Start with an IRA, which will allow you to put away $5,000 a year up to age 50, and $6,000 a year after that.
I think the consequential news out of yesterday is not that Romney put away the nomination race.
Taxes are rarely taken out and very few girls think to put away 30 percent of their earnings.
The Kaufman County district attorney, who was shot dead along with his wife, had put away many ‘problem children.’
When we get home, I put away the uniform and ribbons and badges in the box they were mailed in.
So the letter was put away and kept out of mind as far as was possible.
"You may put away your revolver, if that's what you mean," said Kirkwood.
She had all these days been putting the fear from her, as though by that means she might also put away the cause.
Elizabeth I have put away––death could not sever us more effectually.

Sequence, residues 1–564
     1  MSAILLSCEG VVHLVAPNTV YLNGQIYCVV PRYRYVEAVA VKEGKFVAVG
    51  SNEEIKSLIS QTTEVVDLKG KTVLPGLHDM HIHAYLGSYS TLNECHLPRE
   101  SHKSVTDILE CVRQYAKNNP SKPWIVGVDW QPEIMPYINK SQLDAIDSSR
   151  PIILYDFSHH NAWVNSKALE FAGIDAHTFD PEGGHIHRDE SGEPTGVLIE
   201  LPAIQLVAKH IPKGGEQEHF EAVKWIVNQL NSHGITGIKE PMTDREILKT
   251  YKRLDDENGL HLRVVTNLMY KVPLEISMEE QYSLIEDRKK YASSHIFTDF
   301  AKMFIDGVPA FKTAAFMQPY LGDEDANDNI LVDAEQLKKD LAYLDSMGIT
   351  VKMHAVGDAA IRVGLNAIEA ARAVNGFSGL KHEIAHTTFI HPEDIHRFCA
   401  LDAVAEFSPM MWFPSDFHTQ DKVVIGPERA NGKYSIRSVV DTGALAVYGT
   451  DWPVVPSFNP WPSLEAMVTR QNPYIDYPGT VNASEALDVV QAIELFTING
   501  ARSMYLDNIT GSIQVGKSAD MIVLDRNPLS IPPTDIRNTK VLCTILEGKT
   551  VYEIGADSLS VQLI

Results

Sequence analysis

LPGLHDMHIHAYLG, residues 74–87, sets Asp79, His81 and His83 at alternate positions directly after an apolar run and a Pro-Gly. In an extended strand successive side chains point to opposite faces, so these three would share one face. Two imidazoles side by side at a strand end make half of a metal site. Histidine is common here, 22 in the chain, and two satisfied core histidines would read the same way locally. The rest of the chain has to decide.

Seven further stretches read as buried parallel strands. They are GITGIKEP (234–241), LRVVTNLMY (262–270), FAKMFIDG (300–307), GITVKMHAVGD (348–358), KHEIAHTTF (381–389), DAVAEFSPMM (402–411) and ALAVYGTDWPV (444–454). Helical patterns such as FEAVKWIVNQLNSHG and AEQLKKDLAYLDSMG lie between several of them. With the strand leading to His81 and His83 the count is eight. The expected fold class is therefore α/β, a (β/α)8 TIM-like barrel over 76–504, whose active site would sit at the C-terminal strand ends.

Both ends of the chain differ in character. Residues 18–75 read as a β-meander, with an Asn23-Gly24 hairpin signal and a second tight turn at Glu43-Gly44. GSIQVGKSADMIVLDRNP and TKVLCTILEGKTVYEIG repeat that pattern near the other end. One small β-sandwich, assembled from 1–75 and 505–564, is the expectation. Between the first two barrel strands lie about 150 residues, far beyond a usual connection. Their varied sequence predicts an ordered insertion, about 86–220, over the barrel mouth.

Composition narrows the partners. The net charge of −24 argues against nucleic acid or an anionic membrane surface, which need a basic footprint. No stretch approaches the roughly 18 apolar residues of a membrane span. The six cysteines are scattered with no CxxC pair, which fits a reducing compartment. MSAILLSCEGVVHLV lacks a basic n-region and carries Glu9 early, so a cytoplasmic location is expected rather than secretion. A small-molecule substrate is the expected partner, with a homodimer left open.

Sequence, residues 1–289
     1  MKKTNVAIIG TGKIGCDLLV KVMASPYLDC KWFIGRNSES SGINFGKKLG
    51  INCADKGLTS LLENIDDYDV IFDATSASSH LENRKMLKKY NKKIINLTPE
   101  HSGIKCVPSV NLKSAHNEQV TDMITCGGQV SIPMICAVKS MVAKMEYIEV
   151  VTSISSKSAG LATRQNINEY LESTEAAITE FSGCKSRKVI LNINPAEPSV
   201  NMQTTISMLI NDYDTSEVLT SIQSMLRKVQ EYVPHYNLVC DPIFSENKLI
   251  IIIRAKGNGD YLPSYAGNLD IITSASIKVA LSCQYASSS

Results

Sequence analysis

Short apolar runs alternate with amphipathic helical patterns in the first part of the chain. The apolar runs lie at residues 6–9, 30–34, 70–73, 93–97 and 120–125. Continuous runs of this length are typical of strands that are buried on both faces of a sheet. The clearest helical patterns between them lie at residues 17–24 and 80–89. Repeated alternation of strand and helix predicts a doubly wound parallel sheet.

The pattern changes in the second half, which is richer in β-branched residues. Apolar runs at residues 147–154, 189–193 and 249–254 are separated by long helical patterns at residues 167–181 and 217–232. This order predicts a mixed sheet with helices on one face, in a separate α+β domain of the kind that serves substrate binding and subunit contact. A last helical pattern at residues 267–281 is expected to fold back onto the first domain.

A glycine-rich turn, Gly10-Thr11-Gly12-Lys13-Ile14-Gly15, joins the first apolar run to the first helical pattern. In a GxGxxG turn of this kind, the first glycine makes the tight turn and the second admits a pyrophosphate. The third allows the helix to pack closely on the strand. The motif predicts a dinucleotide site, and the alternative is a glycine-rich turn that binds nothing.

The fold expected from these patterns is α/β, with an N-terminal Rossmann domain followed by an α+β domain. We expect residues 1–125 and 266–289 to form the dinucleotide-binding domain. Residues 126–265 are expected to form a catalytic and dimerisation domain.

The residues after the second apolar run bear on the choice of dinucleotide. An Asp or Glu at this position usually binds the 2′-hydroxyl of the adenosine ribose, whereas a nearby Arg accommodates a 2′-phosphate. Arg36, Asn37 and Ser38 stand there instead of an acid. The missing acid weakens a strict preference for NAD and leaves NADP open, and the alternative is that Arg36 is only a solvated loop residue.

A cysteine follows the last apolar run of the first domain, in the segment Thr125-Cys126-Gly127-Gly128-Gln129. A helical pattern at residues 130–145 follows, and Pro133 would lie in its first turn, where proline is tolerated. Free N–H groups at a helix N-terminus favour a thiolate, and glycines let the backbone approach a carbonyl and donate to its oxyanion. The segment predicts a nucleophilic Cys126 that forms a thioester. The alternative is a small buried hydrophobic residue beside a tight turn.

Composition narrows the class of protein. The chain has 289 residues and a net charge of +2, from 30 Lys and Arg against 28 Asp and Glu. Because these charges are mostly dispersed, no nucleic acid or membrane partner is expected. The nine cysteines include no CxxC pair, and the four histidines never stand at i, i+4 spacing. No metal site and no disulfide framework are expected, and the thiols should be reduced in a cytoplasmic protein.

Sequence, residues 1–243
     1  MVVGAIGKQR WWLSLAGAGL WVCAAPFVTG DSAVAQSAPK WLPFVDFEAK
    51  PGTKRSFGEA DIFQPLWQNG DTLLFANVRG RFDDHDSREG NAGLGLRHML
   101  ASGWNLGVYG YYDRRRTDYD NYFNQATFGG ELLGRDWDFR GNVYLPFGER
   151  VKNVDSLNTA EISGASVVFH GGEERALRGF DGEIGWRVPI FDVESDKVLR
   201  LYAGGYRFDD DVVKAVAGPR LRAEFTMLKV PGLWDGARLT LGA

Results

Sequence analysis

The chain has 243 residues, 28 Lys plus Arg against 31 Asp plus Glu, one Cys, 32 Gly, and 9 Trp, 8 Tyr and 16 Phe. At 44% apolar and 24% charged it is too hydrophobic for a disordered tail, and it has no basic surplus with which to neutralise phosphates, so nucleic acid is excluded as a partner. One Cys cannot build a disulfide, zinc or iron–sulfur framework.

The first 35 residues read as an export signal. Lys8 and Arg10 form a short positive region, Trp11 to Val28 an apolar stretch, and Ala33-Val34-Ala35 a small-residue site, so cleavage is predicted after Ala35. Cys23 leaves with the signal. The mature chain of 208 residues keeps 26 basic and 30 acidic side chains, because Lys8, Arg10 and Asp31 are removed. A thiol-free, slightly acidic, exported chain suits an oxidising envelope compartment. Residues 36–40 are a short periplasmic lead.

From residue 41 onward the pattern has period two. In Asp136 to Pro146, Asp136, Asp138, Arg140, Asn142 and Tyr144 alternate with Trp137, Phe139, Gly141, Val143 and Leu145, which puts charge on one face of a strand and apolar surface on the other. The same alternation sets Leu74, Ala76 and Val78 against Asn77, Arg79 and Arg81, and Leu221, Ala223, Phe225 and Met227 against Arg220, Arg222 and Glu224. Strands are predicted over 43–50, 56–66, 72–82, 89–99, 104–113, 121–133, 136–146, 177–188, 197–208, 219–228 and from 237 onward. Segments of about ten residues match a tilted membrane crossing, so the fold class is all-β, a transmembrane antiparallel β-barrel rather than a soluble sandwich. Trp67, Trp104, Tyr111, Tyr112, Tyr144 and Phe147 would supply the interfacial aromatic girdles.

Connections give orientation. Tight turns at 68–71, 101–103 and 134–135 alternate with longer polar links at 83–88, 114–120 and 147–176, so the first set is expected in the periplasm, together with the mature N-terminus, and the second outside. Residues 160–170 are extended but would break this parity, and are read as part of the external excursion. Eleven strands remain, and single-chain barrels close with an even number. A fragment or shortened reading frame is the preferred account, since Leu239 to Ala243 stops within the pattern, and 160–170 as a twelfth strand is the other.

The papers in his study would be sorted and put away, or taken possession of by strange hands.
late Old English *putian, implied in putung "instigation, an urging," literally "a putting;" related to pytan "put out, thrust out" (of eyes), probably from a Germanic stem that also produced Danish putte "to put," Swedish dialectal putta; Middle Dutch pote "scion, plant," Dutch poten "to plant," Old Norse pota "to poke."
Meaning "act of casting a heavy stone overhead" (as a trial of strength) is attested from c.1300. Obsolete past tense form putted is attested 14c.-15c. To put down "end by force or authority" (a rebellion, etc.) is from c.1300. Adjective phrase put out "angry, upset" is first recorded 1887; to put out, of a woman, "to offer oneself for sex" is from 1947. To put upon (someone) "play a trick on, impose on" is from 1690s. To put up with "tolerate, accept" (1755) was originally to put up, as in "to pocket." To put (someone) on "deceive" is from 1958.
To eat or drink, esp heartily or excessively: They were able to put away a lot of noodles, turkey hash, corn, Jell-O, bread, peanut butter, jelly, and water (1878+)